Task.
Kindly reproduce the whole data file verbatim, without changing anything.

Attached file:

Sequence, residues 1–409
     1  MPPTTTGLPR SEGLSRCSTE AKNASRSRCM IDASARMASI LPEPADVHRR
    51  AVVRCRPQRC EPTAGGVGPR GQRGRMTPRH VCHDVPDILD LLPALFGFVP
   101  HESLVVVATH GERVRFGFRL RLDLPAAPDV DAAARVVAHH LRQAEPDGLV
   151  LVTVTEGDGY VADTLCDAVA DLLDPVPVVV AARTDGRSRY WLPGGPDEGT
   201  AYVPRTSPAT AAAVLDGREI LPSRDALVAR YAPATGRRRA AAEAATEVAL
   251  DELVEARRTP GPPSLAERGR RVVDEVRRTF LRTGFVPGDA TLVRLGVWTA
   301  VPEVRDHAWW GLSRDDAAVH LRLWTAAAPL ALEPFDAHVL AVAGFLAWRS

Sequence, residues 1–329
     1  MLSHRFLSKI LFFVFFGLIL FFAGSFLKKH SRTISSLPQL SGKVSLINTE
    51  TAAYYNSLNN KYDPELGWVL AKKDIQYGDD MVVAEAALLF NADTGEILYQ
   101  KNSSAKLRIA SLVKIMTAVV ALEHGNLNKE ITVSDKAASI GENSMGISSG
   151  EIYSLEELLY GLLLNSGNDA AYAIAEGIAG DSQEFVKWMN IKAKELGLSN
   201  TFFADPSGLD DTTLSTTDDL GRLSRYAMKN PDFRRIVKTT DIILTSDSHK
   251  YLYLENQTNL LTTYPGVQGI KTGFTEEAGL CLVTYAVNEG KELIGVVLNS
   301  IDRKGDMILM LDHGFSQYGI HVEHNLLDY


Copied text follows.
Sequence, residues 1–409
     1  MPPTTTGLPR SEGLSRCSTE AKNASRSRCM IDASARMASI LPEPADVHRR
    51  AVVRCRPQRC EPTAGGVGPR GQRGRMTPRH VCHDVPDILD LLPALFGFVP
   101  HESLVVVATH GERVRFGFRL RLDLPAAPDV DAAARVVAHH LRQAEPDGLV
   151  LVTVTEGDGY VADTLCDAVA DLLDPVPVVV AARTDGRSRY WLPGGPDEGT
   201  AYVPRTSPAT AAAVLDGREI LPSRDALVAR YAPATGRRRA AAEAATEVAL
   251  DELVEARRTP GPPSLAERGR RVVDEVRRTF LRTGFVPGDA TLVRLGVWTA
   301  VPEVRDHAWW GLSRDDAAVH LRLWTAAAPL ALEPFDAHVL AVAGFLAWRS

Sequence, residues 1–329
     1  MLSHRFLSKI LFFVFFGLIL FFAGSFLKKH SRTISSLPQL SGKVSLINTE
    51  TAAYYNSLNN KYDPELGWVL AKKDIQYGDD MVVAEAALLF NADTGEILYQ
   101  KNSSAKLRIA SLVKIMTAVV ALEHGNLNKE ITVSDKAASI GENSMGISSG
   151  EIYSLEELLY GLLLNSGNDA AYAIAEGIAG DSQEFVKWMN IKAKELGLSN
   201  TFFADPSGLD DTTLSTTDDL GRLSRYAMKN PDFRRIVKTT DIILTSDSHK
   251  YLYLENQTNL LTTYPGVQGI KTGFTEEAGL CLVTYAVNEG KELIGVVLNS
   301  IDRKGDMILM LDHGFSQYGI HVEHNLLDY